A government-financed report has found that nearly one million “unwanted” homes in Britain are located in areas that are blighted by large-scale poverty, unemployment and crime. Large-scale demolition is advocated as one solution.
Entitled, "Changing demand, changing neighbourhoods: the response of social landlords", it is the first report ever commissioned to study the phenomena of the hundreds of sparsely populated and even empty housing estates to be found all over the country. Uncovering what they describe as "a problem that dare not speak its name", the report's authors studied 18 housing associations and local councils in Newcastle, Salford, Manchester, Sheffield, Liverpool and Leeds. They found that many people refuse to live in such areas, and that in some cases there is no alternative but to "manage the decline" of such blighted estates. In some regions the unwanted housing stock was relatively new, the report said.
Measures should not be taken to attempt to rejuvenate areas of housing termed "low demand", the report warned—the demolition of the stock could be the only answer. The report estimated that there were 500,000 council and housing association dwellings located in areas of "low demand". This figure represents 10 percent of the publicly owned housing in England. A further 450,000 privately owned houses were facing the same fate.
The report, commissioned by the Housing Corporation's North East Region, was prepared by the Centre for Regional Economic and Social Research at Sheffield Hallam University. The Housing Corporation is a government-funded national organisation whose function is to oversee and regulate the activities of local housing associations.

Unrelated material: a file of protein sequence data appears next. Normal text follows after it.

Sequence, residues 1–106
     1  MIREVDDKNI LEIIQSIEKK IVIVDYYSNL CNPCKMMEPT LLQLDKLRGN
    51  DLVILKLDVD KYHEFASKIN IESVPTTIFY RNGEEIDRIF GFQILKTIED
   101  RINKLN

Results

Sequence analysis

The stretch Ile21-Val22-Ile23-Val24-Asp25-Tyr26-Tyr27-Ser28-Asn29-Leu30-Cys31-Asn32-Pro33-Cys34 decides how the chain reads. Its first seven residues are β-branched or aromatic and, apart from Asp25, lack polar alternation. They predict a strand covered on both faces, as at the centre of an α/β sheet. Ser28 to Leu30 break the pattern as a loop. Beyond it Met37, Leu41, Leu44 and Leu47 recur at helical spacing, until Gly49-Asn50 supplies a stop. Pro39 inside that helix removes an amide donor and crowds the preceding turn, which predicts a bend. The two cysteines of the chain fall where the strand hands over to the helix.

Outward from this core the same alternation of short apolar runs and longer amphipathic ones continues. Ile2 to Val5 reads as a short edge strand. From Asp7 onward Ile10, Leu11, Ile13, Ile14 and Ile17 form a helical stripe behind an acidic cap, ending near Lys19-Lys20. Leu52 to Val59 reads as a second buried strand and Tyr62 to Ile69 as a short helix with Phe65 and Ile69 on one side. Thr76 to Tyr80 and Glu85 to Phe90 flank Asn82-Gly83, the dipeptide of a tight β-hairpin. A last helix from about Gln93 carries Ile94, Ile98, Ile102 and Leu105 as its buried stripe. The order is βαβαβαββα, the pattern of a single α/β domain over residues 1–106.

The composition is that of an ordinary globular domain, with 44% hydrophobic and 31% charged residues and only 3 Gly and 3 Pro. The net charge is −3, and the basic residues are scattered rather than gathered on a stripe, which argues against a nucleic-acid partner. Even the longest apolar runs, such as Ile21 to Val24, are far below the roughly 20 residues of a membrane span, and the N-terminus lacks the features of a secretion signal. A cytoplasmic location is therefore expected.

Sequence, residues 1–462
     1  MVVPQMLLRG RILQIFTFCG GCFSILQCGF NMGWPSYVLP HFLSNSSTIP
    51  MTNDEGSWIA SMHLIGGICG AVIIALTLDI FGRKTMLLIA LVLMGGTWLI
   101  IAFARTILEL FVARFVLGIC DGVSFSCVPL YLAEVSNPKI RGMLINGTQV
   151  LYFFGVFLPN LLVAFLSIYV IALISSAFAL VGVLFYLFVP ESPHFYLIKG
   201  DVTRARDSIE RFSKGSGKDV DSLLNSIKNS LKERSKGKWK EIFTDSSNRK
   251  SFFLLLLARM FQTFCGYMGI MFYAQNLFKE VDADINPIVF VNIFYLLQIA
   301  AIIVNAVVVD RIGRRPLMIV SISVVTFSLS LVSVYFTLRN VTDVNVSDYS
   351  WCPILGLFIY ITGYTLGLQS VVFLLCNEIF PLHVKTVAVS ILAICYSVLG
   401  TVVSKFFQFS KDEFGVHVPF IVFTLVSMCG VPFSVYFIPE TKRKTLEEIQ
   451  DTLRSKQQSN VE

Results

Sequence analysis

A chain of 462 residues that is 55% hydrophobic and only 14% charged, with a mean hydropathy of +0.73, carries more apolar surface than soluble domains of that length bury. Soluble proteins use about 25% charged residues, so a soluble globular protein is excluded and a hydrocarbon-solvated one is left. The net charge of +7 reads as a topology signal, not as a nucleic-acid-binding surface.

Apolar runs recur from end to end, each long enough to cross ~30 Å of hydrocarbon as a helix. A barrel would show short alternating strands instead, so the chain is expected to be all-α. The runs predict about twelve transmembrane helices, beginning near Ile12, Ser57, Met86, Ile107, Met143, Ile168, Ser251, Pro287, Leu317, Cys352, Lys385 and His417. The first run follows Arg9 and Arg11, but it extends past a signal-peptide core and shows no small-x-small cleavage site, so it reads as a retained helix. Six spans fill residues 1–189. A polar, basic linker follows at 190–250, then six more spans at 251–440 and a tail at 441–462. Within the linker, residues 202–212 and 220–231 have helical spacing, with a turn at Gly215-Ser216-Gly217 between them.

Research from Edinburgh's Heriot-Watt University was also included in the report, which said that the phenomena of "low demand" housing had increased significantly during the last five years. It found that almost 60 percent of councils were now reporting a rising number of difficult-to-let properties, mainly in the north of England.
Professor Ian Cole, from the research team at Hallam University, said that housing associations, which are now virtually the sole providers of new public homes, were still building homes in areas where there was no demand for accommodation. "Many housing associations have carried on developing new properties and there has not been the demand for them. Housing investment might be better targeted in other parts of those regions."
The report cites the collapse of traditional industries, such as shipbuilding and coal mining, as a major factor in the decline of many inner city areas. It points out that between the years of 1981 and 1993 alone, nearly 652,000 manufacturing jobs were lost in the densely populated conurbations of England. As a result, some 60,000 people a year are leaving the North to live in other areas of Britain. In contrast to the North, the report points out that in the South there is an acute housing shortage.
Cole said that some of the areas identified in the report were "beyond redemption".